It’s been six years since the Food and Drug Administration said it would begin developing guidance for clinical decision support (CDS) software.
Now that the guidance is finally here, some industry experts are feeling slightly underwhelmed. For Bradley Merrill Thompson, a medical device attorney with Epstein Becker & Green in Washington, D.C., the FDA’s guidance “stopped at the edge” of the regulatory framework outlined in the 21st Century Cures Act, which carves out an oversight exemption for software that can be independently reviewed by physicians.
“I’m afraid I was expecting much more,” Thompson wrote in an email to FierceHealthcare. “I was expecting a guidance that focuses on risk, rather than simply explaining the statutory language in slightly greater detail.”
That reluctance to embrace a risk-based approach to CDS software is Thompson’s biggest complaint. He argues that software that predicts the likelihood of a migraine, for example, has a far lower risk to patient safety than a tool that recommends a specific chemotherapy treatment, which could be a life or death decision.
Instead, in its draft recommendations issued on Thursday, the agency fell in line with the approach outlined in Cures, devoting most of its focus to the transparency of CDS software and the ability for physicians and patients to understand the basis for the software's recommendation.
“What I think many of us in industry were hoping for was an effort by FDA to distinguish high from low risk as a basis for regulation,” he wrote. “We didn’t get that. Worse, it appears based on the guidance that FDA is not interested in drawing that line.”
For his part, FDA Commissioner Scott Gottlieb, M.D., believes the guidelines will spur innovation among developers. During a hearing before the Senate Committee on Health, Education, Labor and Pensions on Thursday, Gottlieb said “regulatory ambiguity” has stifled the use of CDS tools in healthcare. The new guidelines, he argued, would create “some really bright lines and parameters” for FDA oversight and retain the agency's right to exercise enforcement discretion.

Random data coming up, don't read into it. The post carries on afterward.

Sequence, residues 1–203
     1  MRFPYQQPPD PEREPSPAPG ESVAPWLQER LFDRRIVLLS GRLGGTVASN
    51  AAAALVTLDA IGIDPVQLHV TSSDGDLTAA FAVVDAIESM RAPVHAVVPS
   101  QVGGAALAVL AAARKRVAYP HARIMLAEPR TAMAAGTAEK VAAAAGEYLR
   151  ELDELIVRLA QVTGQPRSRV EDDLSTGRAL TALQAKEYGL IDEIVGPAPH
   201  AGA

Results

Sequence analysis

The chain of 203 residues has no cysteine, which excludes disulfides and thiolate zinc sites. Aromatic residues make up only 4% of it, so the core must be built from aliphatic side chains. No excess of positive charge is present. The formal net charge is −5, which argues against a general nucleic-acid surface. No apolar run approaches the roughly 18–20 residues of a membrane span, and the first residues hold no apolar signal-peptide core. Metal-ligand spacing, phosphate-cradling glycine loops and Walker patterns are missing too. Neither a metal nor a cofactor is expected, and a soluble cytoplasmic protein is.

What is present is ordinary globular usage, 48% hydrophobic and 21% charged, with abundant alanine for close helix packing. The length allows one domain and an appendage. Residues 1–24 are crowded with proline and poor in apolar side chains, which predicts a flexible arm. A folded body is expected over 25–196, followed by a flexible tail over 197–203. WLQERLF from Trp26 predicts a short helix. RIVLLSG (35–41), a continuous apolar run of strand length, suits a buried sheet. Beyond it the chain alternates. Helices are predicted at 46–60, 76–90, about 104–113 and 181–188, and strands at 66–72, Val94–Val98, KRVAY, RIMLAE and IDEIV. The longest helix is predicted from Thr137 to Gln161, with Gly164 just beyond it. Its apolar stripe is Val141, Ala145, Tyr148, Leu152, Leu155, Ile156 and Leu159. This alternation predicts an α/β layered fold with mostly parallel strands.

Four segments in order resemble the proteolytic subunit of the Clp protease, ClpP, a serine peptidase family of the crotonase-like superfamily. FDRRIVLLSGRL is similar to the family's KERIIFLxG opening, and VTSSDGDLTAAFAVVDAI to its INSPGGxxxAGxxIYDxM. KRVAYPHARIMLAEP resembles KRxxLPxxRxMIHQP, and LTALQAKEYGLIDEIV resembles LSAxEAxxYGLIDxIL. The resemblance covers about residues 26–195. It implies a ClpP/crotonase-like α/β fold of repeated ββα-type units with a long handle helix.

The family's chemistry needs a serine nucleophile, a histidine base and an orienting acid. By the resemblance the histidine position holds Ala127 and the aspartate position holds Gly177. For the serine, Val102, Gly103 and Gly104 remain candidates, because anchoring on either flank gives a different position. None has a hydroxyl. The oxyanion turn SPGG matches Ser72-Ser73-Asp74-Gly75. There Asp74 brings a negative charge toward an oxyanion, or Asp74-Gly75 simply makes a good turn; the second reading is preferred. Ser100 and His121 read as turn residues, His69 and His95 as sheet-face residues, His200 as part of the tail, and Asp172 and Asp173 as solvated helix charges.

“I’m hopeful we’re going to see more innovation in this space,” he said. “Tools that could sit on top of the electronic health record, for example, and help physicians make decisions from that information.”
One nagging concern is that the guidance fails to consider the next generation of medical software that integrates machine learning and artificial intelligence. In September, the Clinical Decision Support Coalition finalized guidelines designed to provide a pathway for software that uses complex algorithms to proceed without going through FDA approval. But Thompson says the FDA “completely ignored the topic,” adding that the idea that FDA will regulate all software regardless of risk is “extremely troublesome.”
Bethany Hills, chair of Mintz Levin's FDA practice, echoed the need for additional guidance on how the agency plans to regulate artificial intelligence, pointing out the questions that are bound to arise when AI’s “black box” of information fails to meet the FDA’s focus on transparency.
But she also praised Bakul Patel, the associate director for digital health at the FDA’s Center for Devices and Radiological Health, for “leading a very consistent march toward rational oversight” of digital health products.
“Certainly just the fact that there is guidance out there immediately changes the tone of everything,” she said. “Now we know where the goal posts are and we can try and get between them. That provides the industry with more certainty, particularly investors.”
One way the FDA did show a willingness to push beyond the boundaries of the Cures Act was by incorporating patient decision support tools into its CDS guidance. This unexpected addition is particularly helpful given the influx of new companies that are building technology to support patients making healthcare decisions.
“I have a whole stack of clients I’m in the process of reaching out to that are much more geared toward patient and consumer markets,” she said.